At the inauguration of the International Gathering of Women Who Struggle, the women members of the Zapatista National Liberation Army welcomed the arrival of thousands of sisters from around the world with a performance in formation, bows and arrows at their sides, on liberated sacred land in Chiapas, Mexico. The attendees traveled from 49 countries — in collectives or movements, as individuals, with their children, in a caravan of buses — to participate in the Encuentro de mujeres from December 26-29, 2019.
The Zapatistas, an autonomous Indigenous movement of armed people that launched their uprising against the Mexican government on January 1, 1994, have held numerous gatherings with global attendance, but the Encuentro de mujeres is a new phenomenon. The second-ever Encuentro de mujeres was convened to visibilize and denounce violence against women in a space comprised and supported entirely by women — Zapatista men and others are not permitted past a certain check point, but rather stand by in solidarity on the caracol’s perimeters.
Held in one of the Zapatista’s largest autonomous communities, Caracol Morelia, the Encuentro brought together women from a wide range of perspectives to share the stories of their diverse struggles against patriarchy and capitalism. Hosted by Indigenous women, the Encuentro itself is an act of decolonization, centered around bringing women together to imagine and build on their visions of justice and autonomy in their various communities.
Daisy Bugarin, a member of Semillas Collective and an adherente of La Sexta Grietas Del Norte, a US-based Zapatista solidarity network, says the Encuentro was an organic, communal space for exchange — more than it was a presentation by the Zapatistas, it was about collectively healing from the global crises of femicide, systemic violence and abuse of women, by listening deeply to others. “There’s this idea that Zapatismo died or it’s something from the past or that it’s an idea or a concept, but that it’s not real,” Bugarin told Julia Thomas. “When you see it, you see that it’s real, it’s autonomy and revolution — a body of women that’s marching together.”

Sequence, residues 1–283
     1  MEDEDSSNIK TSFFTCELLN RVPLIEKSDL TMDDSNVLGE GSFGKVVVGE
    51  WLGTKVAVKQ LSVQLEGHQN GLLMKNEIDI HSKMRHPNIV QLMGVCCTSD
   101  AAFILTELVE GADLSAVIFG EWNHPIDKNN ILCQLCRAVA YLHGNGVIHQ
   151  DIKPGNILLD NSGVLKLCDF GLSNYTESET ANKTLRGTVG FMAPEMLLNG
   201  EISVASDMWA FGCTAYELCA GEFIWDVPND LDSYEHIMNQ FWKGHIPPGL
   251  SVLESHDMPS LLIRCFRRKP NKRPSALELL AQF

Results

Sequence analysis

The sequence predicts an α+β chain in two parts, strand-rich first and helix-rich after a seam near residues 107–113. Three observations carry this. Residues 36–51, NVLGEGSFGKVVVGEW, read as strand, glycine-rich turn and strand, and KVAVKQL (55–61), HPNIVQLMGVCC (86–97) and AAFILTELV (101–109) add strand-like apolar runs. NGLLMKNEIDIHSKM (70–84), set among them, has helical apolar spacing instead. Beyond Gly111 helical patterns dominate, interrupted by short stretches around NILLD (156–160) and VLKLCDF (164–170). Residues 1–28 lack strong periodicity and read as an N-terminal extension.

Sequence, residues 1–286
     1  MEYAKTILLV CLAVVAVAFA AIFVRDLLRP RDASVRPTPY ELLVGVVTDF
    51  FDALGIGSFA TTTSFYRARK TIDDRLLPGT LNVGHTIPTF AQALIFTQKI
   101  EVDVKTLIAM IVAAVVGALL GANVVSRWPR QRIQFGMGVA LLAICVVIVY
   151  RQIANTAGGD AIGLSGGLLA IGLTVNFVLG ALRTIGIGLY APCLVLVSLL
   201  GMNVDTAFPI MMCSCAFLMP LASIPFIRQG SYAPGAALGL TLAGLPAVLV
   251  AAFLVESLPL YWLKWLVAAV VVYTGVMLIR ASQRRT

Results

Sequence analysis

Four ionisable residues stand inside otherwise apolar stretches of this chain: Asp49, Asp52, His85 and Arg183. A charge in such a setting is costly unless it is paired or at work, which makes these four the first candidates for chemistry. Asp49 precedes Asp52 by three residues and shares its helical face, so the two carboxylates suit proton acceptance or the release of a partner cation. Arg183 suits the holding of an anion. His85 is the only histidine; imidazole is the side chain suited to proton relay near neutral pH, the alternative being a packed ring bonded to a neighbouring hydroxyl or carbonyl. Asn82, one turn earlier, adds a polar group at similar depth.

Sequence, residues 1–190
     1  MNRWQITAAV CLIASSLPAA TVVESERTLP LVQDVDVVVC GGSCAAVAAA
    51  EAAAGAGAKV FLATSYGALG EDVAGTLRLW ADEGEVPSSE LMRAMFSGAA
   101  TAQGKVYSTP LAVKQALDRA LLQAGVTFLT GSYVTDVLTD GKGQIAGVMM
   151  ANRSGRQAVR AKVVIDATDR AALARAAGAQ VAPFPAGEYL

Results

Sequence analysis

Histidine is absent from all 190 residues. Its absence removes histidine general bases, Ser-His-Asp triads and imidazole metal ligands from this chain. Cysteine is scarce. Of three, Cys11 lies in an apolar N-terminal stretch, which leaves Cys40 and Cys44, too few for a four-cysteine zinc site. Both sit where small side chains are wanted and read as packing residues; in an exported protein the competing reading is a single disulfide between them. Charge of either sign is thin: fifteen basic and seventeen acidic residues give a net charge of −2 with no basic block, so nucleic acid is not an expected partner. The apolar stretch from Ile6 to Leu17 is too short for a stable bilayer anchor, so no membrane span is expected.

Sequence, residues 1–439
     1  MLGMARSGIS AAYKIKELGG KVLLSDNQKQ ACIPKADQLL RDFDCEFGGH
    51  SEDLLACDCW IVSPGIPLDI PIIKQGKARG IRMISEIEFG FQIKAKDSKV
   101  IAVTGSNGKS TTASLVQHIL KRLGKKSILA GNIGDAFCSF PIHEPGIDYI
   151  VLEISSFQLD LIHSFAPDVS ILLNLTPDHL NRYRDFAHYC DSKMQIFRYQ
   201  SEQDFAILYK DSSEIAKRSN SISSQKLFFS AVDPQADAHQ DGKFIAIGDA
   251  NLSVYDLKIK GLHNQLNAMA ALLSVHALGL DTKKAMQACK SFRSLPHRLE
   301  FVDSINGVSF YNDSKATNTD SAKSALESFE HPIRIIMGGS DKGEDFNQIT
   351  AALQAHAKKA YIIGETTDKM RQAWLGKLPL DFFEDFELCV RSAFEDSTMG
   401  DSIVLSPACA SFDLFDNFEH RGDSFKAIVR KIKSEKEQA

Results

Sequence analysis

After a report back from members of Semillas Collective, Julia Thomas sat down with Daisy Bugarin to talk about the journey to the Encuentro, the organization and flow of the days-long gathering, Semillas Collective’s organizing to support the attendance of Indigenous Colombian women and how the principles of Zapatismo can be applied in other geographies.
Julia Thomas: Let’s start with your journey this year to the Encuentro, the second annual gathering of women. You traveled by caravan from Mexico City. Could you talk a little bit about what that was like and the process of getting to Chiapas?
Daisy Bulgarin: The journey to the Encuentro is always a huge part of the experience. Encuentro itself means to meet up or to gather. When we do it in caravans with many women coming from all over, as soon as you get to the meeting point in Mexico City, there’s a long line of women of all ages from all over.
We ended up filling seven charter buses. From the very beginning of it all, there was so much energy because you realize how many people made it a point to come here in the middle of December, the day before Christmas.
The reason why we tend to go in caravans is because of our safety. We all understand that by going together collectively, many of us are going to be safer rather than traveling alone. The total duration of our trip to Chiapas was 24 hours. That gave us an opportunity to get to know each other and really share.
That’s where I feel like the Encuentro really begins. You could already feel that it’s a safe space, that we’re here to take care of each other. We’re here to help each other. And that just kind of continued as we got closer and closer to Chiapas. Those stories that you didn’t even really hear at the Encuentro, you heard on the bus, while we were in movement with elders and organizers who had been with the Zapatista women since the beginning. That was really enriching for all of us that went from the US and sisters who were from afar as well.
JT: Something that came up at the Semillas Collective report back is that at the first ever Encuentro there was a lot of sadness surrounding the bloodshed and massacres that had taken place around the time of the Zapatista uprising that began on January 1, 1994. The 2019 Encuentro was a weekend full of women sharing testimony, denouncing their abusers and harassment, but it was also full of energy and empowerment. Could you speak a little bit about that?
DB: Around the time when the uprising happened, when the Zapatistas had just declared their autonomy, a lot of blood had been shed and people had been killed. There had been rape, violence, and they were crying for loved ones who literally hung from trees.